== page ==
Celeste Essentials was founded in 2017 by CEO, Mikala Williamson at just 20 years old. She has gone through a childhood of hospitalizations due to Sickle Cell Anemia. She was then chosen for a research study on stem cell transplants and was cured of Sickle Cell Anemia. After her transplant, she began developing a lot of skin issues from eczema and psoriasis to severely dry, chapped skin from head to toe. Nothing was working from dermatologists to medications and even other organic brands. Mikala used this experience to build a better life for herself and others who may be experiencing the same things. Five years later she is a Registered Medical Assistant with an associate degree in applied sciences making her knowledgeable in the science behind handcrafting organic beauty and the overall health of the body and skin. Not only does she handcraft and sell products on her own website but she also is in local stores and the Walmart marketplace. Mikala even teaches others how to handcraft their own skincare products, provides wholesale and private label products, and educates her customers on how to take care of the body and skin from the inside out. Read more>>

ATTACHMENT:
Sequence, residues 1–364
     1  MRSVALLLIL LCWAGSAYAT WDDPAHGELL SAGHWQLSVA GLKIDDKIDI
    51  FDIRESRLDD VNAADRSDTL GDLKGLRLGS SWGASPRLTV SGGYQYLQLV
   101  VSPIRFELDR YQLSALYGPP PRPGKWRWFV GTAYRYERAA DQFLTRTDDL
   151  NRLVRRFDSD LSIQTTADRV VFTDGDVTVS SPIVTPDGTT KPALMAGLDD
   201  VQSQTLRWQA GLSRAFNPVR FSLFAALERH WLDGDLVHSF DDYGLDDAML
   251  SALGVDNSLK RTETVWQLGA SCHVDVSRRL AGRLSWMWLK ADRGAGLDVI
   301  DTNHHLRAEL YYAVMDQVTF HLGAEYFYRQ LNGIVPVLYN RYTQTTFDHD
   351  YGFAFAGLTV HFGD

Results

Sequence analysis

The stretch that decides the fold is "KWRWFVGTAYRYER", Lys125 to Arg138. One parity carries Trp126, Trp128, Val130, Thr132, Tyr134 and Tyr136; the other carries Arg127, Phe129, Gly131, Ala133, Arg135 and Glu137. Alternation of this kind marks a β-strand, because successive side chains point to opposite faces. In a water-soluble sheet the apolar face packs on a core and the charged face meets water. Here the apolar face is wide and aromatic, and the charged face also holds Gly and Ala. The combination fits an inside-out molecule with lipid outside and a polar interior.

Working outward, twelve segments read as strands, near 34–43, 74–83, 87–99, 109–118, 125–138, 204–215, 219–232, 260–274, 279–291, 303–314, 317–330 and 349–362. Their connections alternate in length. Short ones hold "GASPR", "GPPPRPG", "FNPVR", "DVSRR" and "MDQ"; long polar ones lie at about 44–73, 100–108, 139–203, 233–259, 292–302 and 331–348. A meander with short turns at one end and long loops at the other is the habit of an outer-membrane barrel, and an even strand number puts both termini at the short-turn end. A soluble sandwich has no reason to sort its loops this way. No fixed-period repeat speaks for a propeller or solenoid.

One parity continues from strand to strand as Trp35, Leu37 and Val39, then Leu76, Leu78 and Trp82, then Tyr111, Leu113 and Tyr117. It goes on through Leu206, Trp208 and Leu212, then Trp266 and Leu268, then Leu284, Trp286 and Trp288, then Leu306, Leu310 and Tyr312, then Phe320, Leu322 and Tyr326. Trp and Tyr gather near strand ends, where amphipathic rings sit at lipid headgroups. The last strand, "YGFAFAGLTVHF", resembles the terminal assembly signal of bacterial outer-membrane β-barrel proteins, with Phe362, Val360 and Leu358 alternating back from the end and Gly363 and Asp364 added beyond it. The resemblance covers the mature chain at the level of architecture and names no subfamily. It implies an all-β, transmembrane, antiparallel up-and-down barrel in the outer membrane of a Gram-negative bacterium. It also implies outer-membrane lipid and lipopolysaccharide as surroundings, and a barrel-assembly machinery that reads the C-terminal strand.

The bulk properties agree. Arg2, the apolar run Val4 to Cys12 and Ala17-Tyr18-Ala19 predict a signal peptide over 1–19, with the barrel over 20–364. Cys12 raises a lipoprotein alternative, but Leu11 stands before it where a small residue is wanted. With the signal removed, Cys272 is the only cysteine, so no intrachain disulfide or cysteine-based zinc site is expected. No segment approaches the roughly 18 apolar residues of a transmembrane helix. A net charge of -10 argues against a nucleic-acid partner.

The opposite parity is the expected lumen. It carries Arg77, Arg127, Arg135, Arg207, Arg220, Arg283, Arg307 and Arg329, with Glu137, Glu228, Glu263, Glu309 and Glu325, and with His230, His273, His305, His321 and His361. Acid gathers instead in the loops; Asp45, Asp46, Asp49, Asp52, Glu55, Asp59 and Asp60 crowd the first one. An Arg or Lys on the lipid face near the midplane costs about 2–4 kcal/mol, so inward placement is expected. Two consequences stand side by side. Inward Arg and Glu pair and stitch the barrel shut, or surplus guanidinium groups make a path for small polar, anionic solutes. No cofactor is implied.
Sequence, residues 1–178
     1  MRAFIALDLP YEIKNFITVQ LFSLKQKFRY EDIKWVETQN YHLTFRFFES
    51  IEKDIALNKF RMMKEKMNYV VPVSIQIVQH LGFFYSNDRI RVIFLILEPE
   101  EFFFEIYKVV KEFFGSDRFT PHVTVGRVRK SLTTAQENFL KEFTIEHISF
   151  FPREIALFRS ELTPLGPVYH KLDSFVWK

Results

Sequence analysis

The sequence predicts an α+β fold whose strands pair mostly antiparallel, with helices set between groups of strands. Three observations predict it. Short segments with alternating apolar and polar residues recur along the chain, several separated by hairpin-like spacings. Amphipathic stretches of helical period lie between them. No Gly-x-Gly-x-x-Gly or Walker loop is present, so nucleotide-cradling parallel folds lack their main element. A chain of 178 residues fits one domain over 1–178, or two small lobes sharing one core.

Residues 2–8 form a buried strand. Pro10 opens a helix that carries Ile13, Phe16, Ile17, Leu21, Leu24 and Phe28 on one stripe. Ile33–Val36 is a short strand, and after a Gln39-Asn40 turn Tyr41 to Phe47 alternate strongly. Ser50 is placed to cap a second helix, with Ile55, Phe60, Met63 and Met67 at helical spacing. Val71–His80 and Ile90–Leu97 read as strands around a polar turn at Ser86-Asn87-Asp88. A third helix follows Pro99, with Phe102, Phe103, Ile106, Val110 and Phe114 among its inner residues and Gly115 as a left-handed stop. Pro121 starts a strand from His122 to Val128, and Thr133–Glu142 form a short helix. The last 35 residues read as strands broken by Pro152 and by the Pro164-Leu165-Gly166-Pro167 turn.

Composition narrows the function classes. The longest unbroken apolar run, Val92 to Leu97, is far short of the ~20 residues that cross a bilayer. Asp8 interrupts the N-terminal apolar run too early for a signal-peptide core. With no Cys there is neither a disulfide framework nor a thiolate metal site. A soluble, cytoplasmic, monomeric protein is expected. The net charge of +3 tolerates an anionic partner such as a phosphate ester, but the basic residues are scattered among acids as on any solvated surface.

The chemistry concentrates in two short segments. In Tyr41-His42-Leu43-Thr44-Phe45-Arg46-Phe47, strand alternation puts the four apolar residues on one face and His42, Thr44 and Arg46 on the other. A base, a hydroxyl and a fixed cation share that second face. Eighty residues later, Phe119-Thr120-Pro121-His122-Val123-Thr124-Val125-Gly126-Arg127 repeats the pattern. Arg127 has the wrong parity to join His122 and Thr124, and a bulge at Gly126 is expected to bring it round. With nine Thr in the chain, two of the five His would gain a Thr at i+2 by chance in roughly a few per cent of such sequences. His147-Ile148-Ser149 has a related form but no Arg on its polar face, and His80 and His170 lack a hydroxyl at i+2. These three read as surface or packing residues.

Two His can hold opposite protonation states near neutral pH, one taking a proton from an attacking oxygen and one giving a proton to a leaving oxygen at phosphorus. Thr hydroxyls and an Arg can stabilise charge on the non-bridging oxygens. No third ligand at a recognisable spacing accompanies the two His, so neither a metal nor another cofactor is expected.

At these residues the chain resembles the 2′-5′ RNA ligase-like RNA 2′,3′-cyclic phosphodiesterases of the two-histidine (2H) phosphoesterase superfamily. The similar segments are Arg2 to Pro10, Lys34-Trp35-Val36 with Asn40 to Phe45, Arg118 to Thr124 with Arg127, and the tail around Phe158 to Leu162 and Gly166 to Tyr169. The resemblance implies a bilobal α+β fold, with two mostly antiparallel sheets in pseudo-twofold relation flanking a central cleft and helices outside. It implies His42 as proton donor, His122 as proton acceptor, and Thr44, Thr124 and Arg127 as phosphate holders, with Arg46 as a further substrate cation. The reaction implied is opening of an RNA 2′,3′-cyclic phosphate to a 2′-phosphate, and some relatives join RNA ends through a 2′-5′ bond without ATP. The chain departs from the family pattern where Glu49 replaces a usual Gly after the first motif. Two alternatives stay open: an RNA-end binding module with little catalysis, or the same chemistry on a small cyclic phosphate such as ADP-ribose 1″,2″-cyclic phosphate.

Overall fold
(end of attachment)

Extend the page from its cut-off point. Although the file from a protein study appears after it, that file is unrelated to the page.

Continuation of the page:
Neena Page Ramsey

I’m obsessed with accessories! It’s the first thing I notice in any outfit. And my personal collection of jewelry is bordering on unhealthy. My fascination with accessories grew during the pandemic as I spent hours curating Pinterest boards with many pieces I eventually collected. Playing “dress-up” at home brought me alot of joy during those long days inside. I purchased new and gently-used pieces from everywhere online. Soon, I began to imagine how cool it’d be to have my own shop of unique pieces, and thus The Pensive Tiger was born. Now, the Crocs obsession is shocking to even me. I was never interested in Crocs until I saw my first jibbitz. Once I learned the aesthetically-challenged shoes could be decorated — there was no turning back for me. Read more>>

Jolie Kilpatrick

Ms. Jolie began her Irish dance career with the late Mr. Patrick Butler and the Butler Academy of Irish Dance in Syracuse, NY at the ripe old age of fourteen. After seeing Riverdance on the Late Night Show with David Letterman, she couldn’t get the rhythms out of her head and knew she needed to learn herself. She was devastated when the first dance school she spoke with told her she was too old to begin. God knew that wasn’t the right school for her, and opened the door a year later when Mr. Butler began a class just ten minutes down the road from her house. Though she began “late”, Mr. Butler and his assistant teacher, Pattie, pushed and encouraged her in both her competitive and show career.After several successful years with Mr. Butler, and later Pattie Sheehan-Malinowski of the Butler-Sheehan School, she met and married her high school sweetheart, Piper. They began a whirlwind adventure of moving around for school and careers, which landed them in the North Hills of Pittsburgh, PA. Read more>>

Mandy Sykes and Addison Harman